Friday, 25 November 2011

Melbourne Footpaths Group

If you are interested in being involved with a group that is concerned with maintaining, repairing and promoting the Melbourne footpath network please contact Barry Thomas via the Contacts Us page here.

This will not be a walking group but a practical one to clear paths, repair stiles, erect signs and way-mark paths. The aim is to emulate the work of the highly successful Findern Footpaths Group here. Members will be expected to walk a number of paths twice a year to check on their condition (Melbourne has 37) and report back to the group.

The first meeting will be held early in January 2012.

Tuesday, 8 November 2011

Open Spaces Society announces Awards Scheme

The Open Spaces Society has launched its first Open Space Award.

The society is inviting applicants who can demonstrate an activity that protects, increases, enhances and champions common land, town and village greens, open spaces and public paths in England and Wales, and the public’s right to enjoy them.

Details are on the society’s website at or phone 01491 573535, and applications must be submitted by 31 January 2012. A national panel of judges will make a shortlist and visit those sites. The winning project will be announced at the society’s AGM on 10 July.

Jean Macdonald, the society’s vice-chairman, said: ‘We want to hear about the good things people are doing which support our aims of protecting, increasing, enhancing and championing open spaces and public paths anywhere in England or Wales.

‘If you’ve got a good story to tell, whether it’s yours or someone else’s, why not submit a proposal? You may have created or improved a path or an open space, or saved it from destruction. We hear so many horror stories about open spaces being developed and paths being gated or lost, but we know that there are lots of good things happening too. It would be great to be able to publicise your successes and show what can be done.’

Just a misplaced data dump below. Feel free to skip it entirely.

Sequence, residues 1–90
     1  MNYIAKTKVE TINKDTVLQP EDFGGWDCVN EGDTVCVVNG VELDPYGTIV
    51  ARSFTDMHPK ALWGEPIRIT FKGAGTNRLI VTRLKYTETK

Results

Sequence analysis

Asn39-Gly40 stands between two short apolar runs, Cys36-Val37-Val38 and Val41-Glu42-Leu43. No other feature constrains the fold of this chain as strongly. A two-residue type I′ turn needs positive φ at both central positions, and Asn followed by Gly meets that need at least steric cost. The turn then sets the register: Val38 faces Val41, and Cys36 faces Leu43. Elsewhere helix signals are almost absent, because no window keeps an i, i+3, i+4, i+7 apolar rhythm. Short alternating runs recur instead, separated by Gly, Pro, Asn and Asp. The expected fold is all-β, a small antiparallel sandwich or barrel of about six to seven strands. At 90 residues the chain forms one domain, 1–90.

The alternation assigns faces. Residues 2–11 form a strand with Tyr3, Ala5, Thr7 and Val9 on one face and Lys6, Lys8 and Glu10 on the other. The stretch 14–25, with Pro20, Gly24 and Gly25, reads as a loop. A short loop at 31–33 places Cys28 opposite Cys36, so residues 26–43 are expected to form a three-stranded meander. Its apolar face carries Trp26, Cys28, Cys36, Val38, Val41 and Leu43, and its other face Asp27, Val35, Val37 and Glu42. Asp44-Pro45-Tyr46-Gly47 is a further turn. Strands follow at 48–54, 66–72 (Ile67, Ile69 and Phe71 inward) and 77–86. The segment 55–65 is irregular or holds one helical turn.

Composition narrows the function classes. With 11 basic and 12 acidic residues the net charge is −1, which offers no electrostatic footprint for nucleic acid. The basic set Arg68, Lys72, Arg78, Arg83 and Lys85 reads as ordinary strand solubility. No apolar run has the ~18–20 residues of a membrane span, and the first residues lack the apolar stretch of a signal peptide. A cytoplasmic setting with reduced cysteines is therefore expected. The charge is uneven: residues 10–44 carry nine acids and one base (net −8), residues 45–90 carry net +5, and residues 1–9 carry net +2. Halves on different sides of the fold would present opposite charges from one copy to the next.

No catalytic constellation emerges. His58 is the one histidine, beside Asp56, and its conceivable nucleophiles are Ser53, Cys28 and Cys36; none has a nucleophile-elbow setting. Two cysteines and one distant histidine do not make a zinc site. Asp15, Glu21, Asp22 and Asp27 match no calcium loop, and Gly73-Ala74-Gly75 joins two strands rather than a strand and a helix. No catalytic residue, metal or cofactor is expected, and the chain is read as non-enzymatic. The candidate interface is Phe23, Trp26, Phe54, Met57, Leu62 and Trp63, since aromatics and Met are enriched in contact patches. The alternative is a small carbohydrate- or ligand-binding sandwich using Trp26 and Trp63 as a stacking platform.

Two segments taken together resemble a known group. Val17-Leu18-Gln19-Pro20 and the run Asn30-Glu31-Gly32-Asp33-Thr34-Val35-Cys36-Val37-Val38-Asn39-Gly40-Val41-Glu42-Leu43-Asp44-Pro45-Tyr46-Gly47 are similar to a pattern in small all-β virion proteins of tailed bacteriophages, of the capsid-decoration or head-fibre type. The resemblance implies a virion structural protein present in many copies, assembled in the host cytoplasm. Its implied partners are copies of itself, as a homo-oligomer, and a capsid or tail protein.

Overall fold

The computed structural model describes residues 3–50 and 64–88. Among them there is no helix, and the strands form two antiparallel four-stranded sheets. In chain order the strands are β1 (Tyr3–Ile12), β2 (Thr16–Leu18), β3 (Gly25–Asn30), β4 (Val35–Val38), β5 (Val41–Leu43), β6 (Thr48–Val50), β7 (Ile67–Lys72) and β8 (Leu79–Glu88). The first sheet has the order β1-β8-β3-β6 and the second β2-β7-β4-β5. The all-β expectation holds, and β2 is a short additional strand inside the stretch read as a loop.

Monday, 2 May 2011

New Posts Everywhere

Derbyshire CC seems to have been very busy erecting new signs in South Derbyshire. Some of these signs have been missing for many years so this will greatly help new walkers in the area. At Ingleby today I spotted this handsome new bridleway sign. It makes very clear who has access to the route!

Tuesday, 8 March 2011

A lovely half day in the Pistern Hills

A beautiful sunny day to revisit a path not used for many years. I took the Arriva 61 bus to Ticknall Top Farm and ambled along Staunton Lane to the footpath beyond White Hollows Farm. The path climbs through a tiny wood, past Heath Farm to the top of the Pistern Hills. Not high but great views back to Ticknall and Calke. Also an ideal spot for eating your lunch. Not a soul on the whole walk. From there I made my way around the top of Smisby and on to Hartshorne. The valley between these two villages is one of the hidden gems of South Derbyshire. In Hartshorne I caught the bus back to Melbourne. A perfect half day's walk.

Wednesday, 16 February 2011

Save Our Forests: Countryside Alliance - Deafening Silence

Quote from the Countryside Alliance's website:

"The Countryside Alliance works for everyone who loves the countryside and the rural way of life. Our aim is to protect and promote life in the countryside and to help it thrive. With the highest membership levels since 2006, we are the only organisation working across such a broad range of issues."